When looking for a site to do an internship, Marc suggests that prospective interns should look for a preceptor who has time to teach and a site where they will have time to learn and consolidate what they have seen and done. This year is likely to be the most important learning year as they transition to their pharmacy career and commitment to lifelong learning.
The supervised practice period is intended to be one of professional and personal maturation, leading to a level of competence that will allow independent professional practice after gaining general registration. Marc ensures that interns learn to think for themselves by not thinking for them and by encouraging them to strive to be the best they can be.
Marc feels that one of the best things about being a preceptor is ‘seeing a young person enter with theoretical knowledge and a willingness to learn, leave as a competent and caring, professional services pharmacist with a variety of skill sets that will enable them to make a difference in whatever they do next.’
In March 2017, the World Health Organization (WHO) launched their third Global Patient Safety Challenge with the theme of medication safety and aims to reduce severe avoidable medication-related harm by 50% globally in the next five years. The Challenge seeks to reduce the frequency and impact of medication errors and reduce patient harm by targeting weaknesses in service delivery and developing more effective healthcare systems. The three key action areas are polypharmacy, high-risk situations and transitions of care.
The Board encourages all pharmacists to do their part in contributing to this important initiative. The WHO website has links to further information including brochures, patient engagement tools and educational materials. You may find the patient engagement tool, 5 Moments for Medication Safety, particularly useful when discussing medications with patients.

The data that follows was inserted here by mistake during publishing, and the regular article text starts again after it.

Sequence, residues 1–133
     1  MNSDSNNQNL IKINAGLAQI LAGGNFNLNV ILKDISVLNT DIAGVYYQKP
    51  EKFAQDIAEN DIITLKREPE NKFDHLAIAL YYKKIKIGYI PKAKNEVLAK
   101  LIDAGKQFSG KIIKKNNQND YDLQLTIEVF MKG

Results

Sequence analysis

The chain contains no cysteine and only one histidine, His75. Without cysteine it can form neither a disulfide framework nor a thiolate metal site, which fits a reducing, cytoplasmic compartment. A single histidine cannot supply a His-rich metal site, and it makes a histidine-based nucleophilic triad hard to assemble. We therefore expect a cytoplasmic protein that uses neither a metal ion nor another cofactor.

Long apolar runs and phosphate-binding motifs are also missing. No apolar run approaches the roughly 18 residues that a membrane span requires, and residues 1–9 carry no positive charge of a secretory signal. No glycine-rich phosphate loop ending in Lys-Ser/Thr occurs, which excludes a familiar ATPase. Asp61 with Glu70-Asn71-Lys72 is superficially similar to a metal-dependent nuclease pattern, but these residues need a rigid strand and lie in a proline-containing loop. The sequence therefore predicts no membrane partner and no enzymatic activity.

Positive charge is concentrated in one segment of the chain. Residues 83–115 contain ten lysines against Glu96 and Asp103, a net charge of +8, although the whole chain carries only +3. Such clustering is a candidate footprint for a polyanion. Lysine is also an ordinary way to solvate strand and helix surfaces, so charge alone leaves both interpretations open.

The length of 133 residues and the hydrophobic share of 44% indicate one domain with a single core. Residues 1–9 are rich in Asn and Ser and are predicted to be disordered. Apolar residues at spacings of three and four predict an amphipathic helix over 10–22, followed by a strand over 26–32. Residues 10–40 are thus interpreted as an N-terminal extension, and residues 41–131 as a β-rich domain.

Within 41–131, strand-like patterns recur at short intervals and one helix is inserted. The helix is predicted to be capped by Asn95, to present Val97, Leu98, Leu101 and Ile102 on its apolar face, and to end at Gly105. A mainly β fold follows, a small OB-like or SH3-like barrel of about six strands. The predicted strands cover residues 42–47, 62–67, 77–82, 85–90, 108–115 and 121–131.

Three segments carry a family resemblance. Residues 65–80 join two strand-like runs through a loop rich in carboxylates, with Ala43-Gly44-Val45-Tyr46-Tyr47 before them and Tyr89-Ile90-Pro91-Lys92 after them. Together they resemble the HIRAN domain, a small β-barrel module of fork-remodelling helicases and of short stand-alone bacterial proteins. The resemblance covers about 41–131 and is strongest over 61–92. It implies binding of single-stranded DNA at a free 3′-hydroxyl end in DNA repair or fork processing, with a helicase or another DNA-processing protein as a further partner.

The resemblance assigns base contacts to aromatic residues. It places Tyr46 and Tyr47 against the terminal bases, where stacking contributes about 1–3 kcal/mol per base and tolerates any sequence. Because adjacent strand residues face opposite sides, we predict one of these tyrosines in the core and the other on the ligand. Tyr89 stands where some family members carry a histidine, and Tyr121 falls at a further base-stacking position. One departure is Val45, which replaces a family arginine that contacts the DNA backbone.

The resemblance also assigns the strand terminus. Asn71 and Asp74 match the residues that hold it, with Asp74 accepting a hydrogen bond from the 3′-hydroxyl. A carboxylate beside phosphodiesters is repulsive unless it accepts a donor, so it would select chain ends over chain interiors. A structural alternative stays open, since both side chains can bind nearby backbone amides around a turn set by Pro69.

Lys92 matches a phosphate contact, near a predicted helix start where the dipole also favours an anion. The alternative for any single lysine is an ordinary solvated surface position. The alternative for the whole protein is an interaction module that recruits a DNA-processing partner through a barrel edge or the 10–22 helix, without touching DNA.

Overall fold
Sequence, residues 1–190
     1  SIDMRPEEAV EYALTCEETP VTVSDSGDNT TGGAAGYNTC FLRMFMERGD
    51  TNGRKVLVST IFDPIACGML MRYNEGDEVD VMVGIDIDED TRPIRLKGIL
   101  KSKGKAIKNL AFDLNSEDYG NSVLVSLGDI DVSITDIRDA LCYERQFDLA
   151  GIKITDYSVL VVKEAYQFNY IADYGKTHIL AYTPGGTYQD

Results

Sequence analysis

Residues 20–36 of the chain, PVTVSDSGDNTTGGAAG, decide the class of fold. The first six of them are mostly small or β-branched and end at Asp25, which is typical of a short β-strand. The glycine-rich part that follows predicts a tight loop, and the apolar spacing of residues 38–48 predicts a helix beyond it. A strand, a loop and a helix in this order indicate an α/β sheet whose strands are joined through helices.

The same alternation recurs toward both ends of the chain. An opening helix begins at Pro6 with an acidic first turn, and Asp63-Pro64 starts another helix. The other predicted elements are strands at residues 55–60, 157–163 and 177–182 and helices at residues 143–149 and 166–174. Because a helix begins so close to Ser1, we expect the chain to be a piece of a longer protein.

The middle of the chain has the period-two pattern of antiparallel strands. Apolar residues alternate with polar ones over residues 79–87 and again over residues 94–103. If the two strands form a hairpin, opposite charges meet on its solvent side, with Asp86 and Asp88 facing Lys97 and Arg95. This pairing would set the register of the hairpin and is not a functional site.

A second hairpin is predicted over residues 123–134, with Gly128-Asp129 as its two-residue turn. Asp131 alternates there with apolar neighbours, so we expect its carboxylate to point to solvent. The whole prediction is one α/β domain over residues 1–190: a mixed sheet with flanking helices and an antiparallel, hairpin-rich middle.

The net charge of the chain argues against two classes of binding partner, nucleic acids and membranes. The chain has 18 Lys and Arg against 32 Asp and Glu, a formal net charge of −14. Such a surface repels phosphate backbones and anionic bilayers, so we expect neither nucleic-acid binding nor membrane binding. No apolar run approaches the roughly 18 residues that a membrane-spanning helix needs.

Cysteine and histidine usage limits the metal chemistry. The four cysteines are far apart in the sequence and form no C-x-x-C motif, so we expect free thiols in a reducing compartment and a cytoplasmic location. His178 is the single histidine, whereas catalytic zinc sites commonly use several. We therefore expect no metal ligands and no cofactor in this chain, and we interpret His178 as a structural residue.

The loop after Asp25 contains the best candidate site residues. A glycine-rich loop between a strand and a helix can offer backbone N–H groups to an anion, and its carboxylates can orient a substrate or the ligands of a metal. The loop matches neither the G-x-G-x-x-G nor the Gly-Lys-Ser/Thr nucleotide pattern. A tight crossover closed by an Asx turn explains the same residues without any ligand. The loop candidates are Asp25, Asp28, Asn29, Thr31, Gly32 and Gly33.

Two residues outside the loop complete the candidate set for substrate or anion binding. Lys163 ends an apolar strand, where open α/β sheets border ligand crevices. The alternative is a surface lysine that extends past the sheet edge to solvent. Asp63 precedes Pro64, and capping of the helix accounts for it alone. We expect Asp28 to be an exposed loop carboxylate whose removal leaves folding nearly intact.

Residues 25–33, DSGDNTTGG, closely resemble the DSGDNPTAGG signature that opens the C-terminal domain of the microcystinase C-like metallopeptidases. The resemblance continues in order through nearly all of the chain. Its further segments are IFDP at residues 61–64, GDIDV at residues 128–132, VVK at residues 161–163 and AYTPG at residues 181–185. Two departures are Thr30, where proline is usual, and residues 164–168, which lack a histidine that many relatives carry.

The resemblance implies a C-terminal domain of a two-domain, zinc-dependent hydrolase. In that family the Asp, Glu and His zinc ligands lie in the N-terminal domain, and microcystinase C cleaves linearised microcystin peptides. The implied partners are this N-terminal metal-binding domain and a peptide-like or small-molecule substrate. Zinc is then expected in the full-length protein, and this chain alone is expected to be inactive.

We regularly publish court and tribunal summaries for their educational value for the profession. Links to past and recent tribunal cases can be found on the Pharmacy regulation at work: tribunal decisions page on the Board’s website. Here is a recent tribunal case.
A pharmacist in Western Australia has been reprimanded, had his registration cancelled and has been disqualified from applying for registration for two years for professional misconduct. Read more in the news item.
A public consultation is now open asking for people to have their say on revised guidance to help practitioners and others understand their their obligations when advertising a regulated health service.
Alongside other National Boards and AHPRA, the Board is conducting consultations on revised Guidelines for advertising a regulated health service.
We invite pharmacists and other stakeholders to give feedback to this important public consultation. The deadline is 26 November 2019.
The consultation paper is available on the Current consultations page of the Board’s website. To make it easier to participate, you can use the online survey option to send us your feedback.